Richard joins CP24 to have a look at new movies coming to VOD, streaming services and theatres including the Meryl Streep musical “The Prom” (Netflix), Rachel Brosnahan in the crime drama “I’m Your Woman” (Amazon Prime Video), the COVID thriller “Songbird” (Premium VOD) and the comedy “Yes, God, Yes” (VOD).
Richard sits in on the CTV NewsChannel with host Jennifer Burke to have a look at the new movies coming to VOD, streaming services and theatres including the Meryl Streep musical “The Prom” (Netflix), Rachel Brosnahan in the crime drama “I’m Your Woman” (Amazon Prime Video), the COVID thriller “Songbird” (Premium VOD) and the comedy “Yes, God, Yes” (VOD).
Richard sits in on the CFRA Ottawa morning show with host Bill Carroll to talk the new movies coming to theatres, VOD and streaming services including Meryl Streep musical “The Prom” (Netflix), Rachel Brosnahan in the crime drama “I’m Your Woman” (Amazon Prime Video) and the COVID thriller “Songbird” (Premium VOD).
“Songbird,” a new film produced by Michael Bay and now on premium VOD, feels ripped from the headlines.
Like, today’s headlines.
The first film to shoot in Los Angeles during the lockdown details life during COVID.
Set in 2024, during the fourth year of pandemic, COVID has mutated, leaving the United States under martial law were infected citizens are forcibly removed from their homes. Treated like walking, talking biohazards they are housed in concentration camps called Q-Zones.
Meanwhile, motorcycle courier Nico (KJ Apa) is immune. A recovered COVID patient, he has the antibodies to fight off the disease. When his locked-down girlfriend Sarah (Sofia Carson) is suspected of contracting the virus, Nico springs into action to save her from being taken away.
There are side characters galore, like Bradley Whitford’s sex-crazed record producer, a lovelorn veteran played by Paul Walter Hauser, Demi Moore’s protective mom and an over-the-top Peter Stormare as the evil head of the Los Angeles’ “sanitation” department–but most of them exist only to heighten the grim desperation of the situation.
“Songbird” isn’t a politicized screed about masks or the virus’ origin. Instead, it’s a star-crossed style romance—”You’ve never been in the same room,” says Sara’s mother, “but he loves you.”—set against the backdrop of the worst world event in decades.
It would be one thing if “Songbird” had something to add the conversation about COVID, but it doesn’t. Instead, it plays off our worst collective fears in clumsy and exploitative ways.
It’s likely to appeal to conspiracy enthusiasts who may finger their tinfoil hats in excitement at the mention of bracelets for “munies”—the immune—an unchecked department of sanitation who arrest at will, apps that will report you if your temperature is above normal and ever-present surveillance.
For those not inclined toward dystopian extremes, “Songbird” is a crass reminder of the real-life death, sickness, unemployment and heartache COVID has wrought. It feels tone deaf, and worse, it’s a bad movie.
Who says the “Alien” franchise is dead? Ridley Scott may have exhausted the storytelling possibilities of the original franchise but don’t tell that to Kristen Stewart and the annoying T.J. Miller, stars of the new thriller “Underwater,” a.k.a. “Aquatic Alien,” new this week on VOD.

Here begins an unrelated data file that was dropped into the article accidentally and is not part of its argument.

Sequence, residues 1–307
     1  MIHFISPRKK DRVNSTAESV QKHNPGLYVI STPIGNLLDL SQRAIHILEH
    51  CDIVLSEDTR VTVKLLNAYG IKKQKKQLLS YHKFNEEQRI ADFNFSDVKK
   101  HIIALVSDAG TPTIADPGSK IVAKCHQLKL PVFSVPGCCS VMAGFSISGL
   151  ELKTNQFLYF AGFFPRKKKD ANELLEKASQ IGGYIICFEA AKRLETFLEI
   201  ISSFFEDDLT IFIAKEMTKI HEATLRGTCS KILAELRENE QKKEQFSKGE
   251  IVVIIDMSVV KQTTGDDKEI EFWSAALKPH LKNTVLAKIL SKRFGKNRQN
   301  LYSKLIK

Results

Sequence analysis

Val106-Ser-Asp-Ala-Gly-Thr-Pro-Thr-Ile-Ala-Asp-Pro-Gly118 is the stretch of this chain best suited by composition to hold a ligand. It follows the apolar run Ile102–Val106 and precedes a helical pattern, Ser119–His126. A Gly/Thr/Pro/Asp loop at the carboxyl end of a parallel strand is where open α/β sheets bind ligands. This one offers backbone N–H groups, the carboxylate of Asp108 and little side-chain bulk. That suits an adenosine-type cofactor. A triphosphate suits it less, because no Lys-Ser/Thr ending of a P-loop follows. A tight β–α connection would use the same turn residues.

Stewart is Norah an engineer working on a rig at the bottom of the ocean. She and the crew of nautical scientists, (Vincent Cassel, Jessica Henwick, John Gallagher Jr., Mamoudou Athie, Gunner Wright and Miller) are at the mercy of the watery depths when an earthquake destroys their subterranean laboratory. As they fight for survival they discover they may have woken a fierce enemy. “This better not be some ‘20,000 Leagues Under the Sea’ crap,” says Paul (Miller).
On the ocean floor no one can hear you scream but we can hear lots of heavy breathing as the cast grunt their lines into their deep-sea diving suits.
“Underwater” is an ocean floor people in peril flick with loads of wet, claustrophobic atmosphere but little in the way of actual thrills. The earthquake happens in the opening minutes of the film, throwing the characters into danger right off the bat so we don’t get to know anything about them other than their “never say die” attitude and Norah’s wondrous ability to squeeze through very tight spaces before the bad stuff happens. There is no emotional connection, just characters navigating the murky depths with the occasional jump scare thrown in. The final showdown with the deep-sea beast has a certain majesty to it but by then echoes of better movies like “Alien,” “The Abyss” and ”Leviathan” have done in the film’s chances of making an impression.
Lots of movies have mined similar territory but the ones that stand out add something interesting to the mix. Unfortunately “Underwater” brings nothing new to the outer space/underwater monster genre.
Richard sits in on the CFRA Montreal morning show with host Bill Carroll to talk the new movies coming to theatres including the buddy comedy “Like a Boss” starring Tiffany Haddish and Rose Byrne, the soggy horrors of Kristen Stewart’s “Underwater” and the gritty drama “Luba.”
A weekly feature from ctvnews.ca! The Crouse Review is a quick, hot take on the weekend’s biggest and most interesting movies! This week Richard looks at the Tiffany Haddish buddy comedy “Like a Boss,” the wet-but-not-wild “Underwater” starring Kristen Stewart and the family drama “Luba.”